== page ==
“Nauticrawl” by Andrea Interguglielmi, Ben Jones & David Orr.

“In a grasp for salvation with sentinels closing in, you’ve stolen a Nauticrawl. […] [Y]ou realize [that you] don’t know how to move this hunk of metal… If the pursuing forces or the crushing atmosphere don’t kill you first, the Nauticrawl – designed to be piloted only by the ruling elites – just might. […] With the right amount of experimentation your escape plan just might succeed. Pull levers, redirect power, hack devices, uncover communications, try anything and everything.”

Don’t expect a tutorial or a complete manual or a guide that can help you out in “Nauticrawl”; in this excellent submarine-like machine simulation you are completely on your own. You find yourself in an underground water system, and this apparatus is your only possibility to make it out alive. Without any clue what all the buttons or levers do, you have to figure it out yourself. And believe me, you will die. Quite often, to be precise. But death as your frequent friend in this environment is not ruthless, as each new life in “Nauticrawl” comes along with newly made experiences and knowledge.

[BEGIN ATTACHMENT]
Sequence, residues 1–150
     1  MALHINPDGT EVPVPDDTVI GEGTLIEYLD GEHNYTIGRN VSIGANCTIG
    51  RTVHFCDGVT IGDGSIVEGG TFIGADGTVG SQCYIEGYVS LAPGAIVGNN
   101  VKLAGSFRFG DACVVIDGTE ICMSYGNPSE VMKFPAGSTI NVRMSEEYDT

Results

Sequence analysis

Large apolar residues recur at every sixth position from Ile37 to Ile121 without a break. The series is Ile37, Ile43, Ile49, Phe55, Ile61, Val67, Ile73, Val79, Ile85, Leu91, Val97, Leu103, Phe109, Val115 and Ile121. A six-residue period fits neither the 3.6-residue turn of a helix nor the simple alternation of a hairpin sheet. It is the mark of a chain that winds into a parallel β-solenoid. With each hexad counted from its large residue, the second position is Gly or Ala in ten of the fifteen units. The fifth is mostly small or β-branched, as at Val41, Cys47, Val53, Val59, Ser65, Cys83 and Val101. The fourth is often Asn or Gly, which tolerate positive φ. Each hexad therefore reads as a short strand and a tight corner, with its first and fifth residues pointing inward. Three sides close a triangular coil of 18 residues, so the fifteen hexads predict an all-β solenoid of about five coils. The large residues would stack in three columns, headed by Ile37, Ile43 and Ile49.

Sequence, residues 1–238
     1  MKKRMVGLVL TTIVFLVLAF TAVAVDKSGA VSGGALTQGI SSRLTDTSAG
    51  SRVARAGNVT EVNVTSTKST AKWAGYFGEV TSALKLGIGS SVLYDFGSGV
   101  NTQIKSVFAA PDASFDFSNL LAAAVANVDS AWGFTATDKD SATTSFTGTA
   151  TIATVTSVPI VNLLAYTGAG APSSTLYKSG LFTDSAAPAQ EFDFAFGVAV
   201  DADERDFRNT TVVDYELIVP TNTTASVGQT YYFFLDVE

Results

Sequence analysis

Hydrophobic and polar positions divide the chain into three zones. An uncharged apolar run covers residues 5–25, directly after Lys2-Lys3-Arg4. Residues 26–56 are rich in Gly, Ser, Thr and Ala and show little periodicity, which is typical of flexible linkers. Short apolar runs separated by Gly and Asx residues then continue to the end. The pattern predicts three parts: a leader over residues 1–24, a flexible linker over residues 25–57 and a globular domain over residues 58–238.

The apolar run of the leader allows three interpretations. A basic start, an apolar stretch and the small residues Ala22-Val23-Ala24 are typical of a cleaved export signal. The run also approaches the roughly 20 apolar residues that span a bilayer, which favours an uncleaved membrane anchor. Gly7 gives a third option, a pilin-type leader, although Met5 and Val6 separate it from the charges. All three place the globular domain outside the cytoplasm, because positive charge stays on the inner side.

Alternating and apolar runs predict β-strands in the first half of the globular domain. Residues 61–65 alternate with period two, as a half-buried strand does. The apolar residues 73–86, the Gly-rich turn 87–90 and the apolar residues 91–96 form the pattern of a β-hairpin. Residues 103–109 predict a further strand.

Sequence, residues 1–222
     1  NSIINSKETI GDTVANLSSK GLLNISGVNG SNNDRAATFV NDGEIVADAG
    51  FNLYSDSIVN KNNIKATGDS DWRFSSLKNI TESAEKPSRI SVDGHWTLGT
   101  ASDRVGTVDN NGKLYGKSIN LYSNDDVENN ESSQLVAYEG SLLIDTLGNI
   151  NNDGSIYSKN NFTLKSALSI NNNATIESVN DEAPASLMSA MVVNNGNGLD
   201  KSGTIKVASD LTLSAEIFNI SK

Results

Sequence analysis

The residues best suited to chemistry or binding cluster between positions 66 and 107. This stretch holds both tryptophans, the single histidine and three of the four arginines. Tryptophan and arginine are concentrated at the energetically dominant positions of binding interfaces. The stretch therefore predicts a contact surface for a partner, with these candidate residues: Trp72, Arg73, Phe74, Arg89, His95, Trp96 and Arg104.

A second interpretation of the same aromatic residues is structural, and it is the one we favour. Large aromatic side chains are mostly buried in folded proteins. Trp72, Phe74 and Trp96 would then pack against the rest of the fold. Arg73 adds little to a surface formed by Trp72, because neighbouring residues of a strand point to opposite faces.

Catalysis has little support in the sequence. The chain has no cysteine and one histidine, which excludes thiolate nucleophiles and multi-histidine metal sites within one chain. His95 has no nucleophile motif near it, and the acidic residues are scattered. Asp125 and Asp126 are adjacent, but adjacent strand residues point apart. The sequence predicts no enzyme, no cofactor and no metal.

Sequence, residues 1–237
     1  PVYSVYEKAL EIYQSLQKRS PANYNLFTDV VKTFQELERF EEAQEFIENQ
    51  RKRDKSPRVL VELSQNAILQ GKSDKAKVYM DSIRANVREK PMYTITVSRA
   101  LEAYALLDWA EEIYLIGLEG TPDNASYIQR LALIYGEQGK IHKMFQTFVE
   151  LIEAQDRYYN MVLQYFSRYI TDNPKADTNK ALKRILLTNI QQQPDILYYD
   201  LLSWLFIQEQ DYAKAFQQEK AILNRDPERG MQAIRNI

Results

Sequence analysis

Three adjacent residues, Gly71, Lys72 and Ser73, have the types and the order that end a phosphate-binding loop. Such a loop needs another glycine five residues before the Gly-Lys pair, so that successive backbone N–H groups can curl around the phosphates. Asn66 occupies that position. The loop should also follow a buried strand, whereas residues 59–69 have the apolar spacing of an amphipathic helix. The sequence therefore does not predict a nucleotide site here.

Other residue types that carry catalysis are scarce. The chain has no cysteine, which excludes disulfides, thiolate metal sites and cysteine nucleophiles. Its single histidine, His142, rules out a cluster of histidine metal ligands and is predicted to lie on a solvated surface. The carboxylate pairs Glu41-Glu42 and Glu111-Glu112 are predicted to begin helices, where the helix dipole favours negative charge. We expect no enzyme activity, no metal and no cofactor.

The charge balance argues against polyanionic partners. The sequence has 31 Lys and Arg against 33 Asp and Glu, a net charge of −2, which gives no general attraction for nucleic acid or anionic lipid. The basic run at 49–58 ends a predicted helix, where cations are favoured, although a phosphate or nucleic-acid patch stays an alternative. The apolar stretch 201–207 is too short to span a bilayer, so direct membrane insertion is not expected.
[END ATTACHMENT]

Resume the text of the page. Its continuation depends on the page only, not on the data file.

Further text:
Step by step you will find out how to turn on the engine, how to arrange the fuel flow between the tanks, how to turn on the cloaking system to hide yourself from rogue sentinels and so much more. There are even hacking mechanisms, that can be useful to find helpful items as well as insights in ancient computer systems. But remember: The success of your whole escape trip will immensively be based on good resource and energy management.

If you love to figure out game mechanics and how they are intertwined with each other by yourself, then “Nauticrawl” should be on the top of your ‘To play soon!’ list. The learning curve might stumble a bit in the beginning and you should have a certain frustration tolerance, but I promise you: Each new information you gather will eventually prove to be useful. Overall, a very well designed puzzle and exploration game.